Consumer confidence in the housing market receded from its record high in February, dropping 3.8 percentage points to a reading of 84.5 in March, according to Fannie Mae’s Home Purchase Sentiment Index, a survey of about 1,000 Americans. Five of the six components measured in the index saw a decline, including the percentage of consumers who expressed a positive outlook on buying a home and their employment situation. However, the percentage of consumers who said now is a good time to sell surged 9 percentage points month over month.
“Strong home-price appreciation has turned into a double-edged sword for the housing market, as it boosted the net share of consumers saying it’s a good time to sell to a record high, surpassing the plunging ‘good time to buy’ indicator for the first time in history of the survey,” says Fannie Mae chief economist Doug Duncan. He points out that the housing market could see some “tailwinds from a seasonal rise in for-sale inventory, particularly as some sellers seek to lock in profits from recent rapid home-price gains. The market could also get a boost from home buyers who decide to jump into the market before [mortgage] rates rise further.”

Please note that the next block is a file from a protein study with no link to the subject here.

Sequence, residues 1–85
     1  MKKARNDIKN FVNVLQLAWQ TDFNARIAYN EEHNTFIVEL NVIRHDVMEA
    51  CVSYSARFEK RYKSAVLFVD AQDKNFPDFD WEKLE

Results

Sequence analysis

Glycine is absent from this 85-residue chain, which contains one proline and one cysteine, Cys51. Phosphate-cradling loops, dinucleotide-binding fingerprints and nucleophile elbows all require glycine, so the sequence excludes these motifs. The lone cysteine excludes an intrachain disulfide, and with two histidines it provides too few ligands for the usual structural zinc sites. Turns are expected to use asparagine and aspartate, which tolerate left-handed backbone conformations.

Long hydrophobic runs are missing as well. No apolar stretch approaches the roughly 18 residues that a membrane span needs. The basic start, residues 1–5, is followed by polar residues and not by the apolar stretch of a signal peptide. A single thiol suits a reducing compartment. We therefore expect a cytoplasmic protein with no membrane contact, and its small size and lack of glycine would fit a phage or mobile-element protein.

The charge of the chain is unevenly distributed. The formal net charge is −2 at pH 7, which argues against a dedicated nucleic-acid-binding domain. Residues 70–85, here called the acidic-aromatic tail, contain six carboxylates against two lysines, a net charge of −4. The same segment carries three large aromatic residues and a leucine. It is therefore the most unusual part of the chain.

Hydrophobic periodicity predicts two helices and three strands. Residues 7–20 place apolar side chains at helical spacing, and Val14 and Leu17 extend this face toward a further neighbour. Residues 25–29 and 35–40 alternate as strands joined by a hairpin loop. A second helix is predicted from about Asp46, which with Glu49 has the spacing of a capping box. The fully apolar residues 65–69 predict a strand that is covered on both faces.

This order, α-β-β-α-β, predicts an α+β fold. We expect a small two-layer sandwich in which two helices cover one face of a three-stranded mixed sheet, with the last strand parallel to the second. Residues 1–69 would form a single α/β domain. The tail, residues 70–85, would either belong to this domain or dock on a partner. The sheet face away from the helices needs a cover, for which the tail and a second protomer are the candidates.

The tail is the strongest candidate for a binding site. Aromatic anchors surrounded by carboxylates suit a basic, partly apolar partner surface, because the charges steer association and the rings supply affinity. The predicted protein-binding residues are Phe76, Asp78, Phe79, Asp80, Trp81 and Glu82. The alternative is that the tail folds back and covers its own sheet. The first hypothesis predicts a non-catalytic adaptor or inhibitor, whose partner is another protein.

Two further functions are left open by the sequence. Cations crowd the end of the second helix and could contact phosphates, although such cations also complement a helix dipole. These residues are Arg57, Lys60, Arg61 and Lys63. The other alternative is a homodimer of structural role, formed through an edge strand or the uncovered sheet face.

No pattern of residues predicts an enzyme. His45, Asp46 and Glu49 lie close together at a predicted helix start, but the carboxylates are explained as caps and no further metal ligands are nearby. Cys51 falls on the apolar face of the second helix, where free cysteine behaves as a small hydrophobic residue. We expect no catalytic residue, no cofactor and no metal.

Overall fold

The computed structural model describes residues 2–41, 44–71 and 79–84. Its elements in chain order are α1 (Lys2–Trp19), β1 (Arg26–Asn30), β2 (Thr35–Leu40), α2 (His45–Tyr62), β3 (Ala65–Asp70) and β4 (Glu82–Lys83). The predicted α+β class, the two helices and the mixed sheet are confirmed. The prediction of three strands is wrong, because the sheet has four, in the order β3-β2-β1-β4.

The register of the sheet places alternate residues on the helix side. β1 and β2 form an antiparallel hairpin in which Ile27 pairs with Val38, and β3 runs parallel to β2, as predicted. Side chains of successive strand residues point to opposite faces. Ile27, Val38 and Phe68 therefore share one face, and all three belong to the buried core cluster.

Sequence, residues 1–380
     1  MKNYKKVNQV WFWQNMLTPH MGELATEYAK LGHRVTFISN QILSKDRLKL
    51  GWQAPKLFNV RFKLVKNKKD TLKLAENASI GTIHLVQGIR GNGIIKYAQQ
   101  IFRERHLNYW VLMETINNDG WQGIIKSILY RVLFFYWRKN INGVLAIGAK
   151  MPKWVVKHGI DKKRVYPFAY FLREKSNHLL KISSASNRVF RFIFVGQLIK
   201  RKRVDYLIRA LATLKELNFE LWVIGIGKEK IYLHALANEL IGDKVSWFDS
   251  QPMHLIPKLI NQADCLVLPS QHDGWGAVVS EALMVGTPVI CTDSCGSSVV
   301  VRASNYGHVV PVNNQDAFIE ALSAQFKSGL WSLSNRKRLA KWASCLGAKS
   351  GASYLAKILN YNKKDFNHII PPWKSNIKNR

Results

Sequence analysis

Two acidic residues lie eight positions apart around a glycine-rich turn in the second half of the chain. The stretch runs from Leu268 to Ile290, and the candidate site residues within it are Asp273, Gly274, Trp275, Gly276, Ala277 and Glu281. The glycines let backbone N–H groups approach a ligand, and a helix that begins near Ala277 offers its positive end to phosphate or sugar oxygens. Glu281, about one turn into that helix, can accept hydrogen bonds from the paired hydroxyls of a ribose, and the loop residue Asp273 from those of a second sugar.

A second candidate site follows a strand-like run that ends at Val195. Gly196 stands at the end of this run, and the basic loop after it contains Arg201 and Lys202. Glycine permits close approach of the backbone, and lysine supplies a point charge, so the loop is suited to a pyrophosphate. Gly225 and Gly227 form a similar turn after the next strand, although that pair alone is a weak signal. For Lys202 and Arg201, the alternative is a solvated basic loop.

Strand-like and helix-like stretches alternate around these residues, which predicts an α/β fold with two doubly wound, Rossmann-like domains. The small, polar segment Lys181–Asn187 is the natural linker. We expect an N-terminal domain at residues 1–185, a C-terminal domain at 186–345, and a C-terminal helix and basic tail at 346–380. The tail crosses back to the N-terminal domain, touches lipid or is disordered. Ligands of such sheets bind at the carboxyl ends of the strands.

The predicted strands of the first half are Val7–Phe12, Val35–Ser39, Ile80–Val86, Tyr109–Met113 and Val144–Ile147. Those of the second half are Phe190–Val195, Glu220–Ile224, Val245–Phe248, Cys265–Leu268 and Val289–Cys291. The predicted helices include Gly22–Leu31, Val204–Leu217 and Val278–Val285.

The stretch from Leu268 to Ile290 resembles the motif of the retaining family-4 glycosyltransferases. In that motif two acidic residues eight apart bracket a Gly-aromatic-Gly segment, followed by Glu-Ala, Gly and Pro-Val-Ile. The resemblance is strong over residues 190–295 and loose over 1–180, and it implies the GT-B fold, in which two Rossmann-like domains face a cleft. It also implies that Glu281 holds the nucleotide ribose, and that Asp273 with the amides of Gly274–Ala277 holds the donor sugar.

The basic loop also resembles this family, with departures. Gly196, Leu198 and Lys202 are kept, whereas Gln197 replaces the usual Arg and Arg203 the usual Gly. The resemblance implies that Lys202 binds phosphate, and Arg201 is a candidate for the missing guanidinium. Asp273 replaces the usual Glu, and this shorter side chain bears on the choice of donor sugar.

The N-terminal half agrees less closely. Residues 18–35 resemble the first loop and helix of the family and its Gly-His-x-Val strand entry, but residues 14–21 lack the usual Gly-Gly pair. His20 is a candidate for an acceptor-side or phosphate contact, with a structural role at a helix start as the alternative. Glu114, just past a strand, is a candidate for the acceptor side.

Here are some additional highlights from Fannie Mae’s Home Purchase Sentiment Index for March:
- 30 percent: The net share of Americans who say now is a good time to buy a home, down 10 percentage points from February.
- 31 percent: The net percentage of those who say it’s a good time to sell, up 9 percentage points from February and the second consecutive month for setting a survey high.
- 39 percent: The percentage of consumers who say now is a bad time to buy due to high home prices.
- 24 percent: The percentage of consumers who say now is a good time to sell due to high home prices.
- 44 percent: The net share of consumers who believe home prices will rise, which is down 1 percentage point from February.
- 70 percent: The net share of Americans who say they are not concerned about losing their job, which is down 8 percentage points.
- 11 percent: The net share of consumers who say their household income is significantly higher than it was 12 months ago, down 8 percentage points.
Source: Fannie Mae